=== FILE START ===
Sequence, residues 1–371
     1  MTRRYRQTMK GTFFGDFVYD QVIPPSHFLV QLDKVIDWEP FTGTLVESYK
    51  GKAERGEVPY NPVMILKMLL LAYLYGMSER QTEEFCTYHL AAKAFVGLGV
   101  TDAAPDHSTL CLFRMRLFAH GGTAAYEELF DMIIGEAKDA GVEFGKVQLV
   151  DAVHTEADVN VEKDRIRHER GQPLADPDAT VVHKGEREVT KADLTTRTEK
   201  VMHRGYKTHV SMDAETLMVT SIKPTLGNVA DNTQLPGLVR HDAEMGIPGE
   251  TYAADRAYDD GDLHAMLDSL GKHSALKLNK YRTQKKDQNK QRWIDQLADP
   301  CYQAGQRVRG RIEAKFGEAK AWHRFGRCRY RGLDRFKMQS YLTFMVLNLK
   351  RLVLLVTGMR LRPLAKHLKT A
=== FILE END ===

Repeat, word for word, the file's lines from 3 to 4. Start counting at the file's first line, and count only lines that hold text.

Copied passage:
    51  GKAERGEVPY NPVMILKMLL LAYLYGMSER QTEEFCTYHL AAKAFVGLGV
   101  TDAAPDHSTL CLFRMRLFAH GGTAAYEELF DMIIGEAKDA GVEFGKVQLV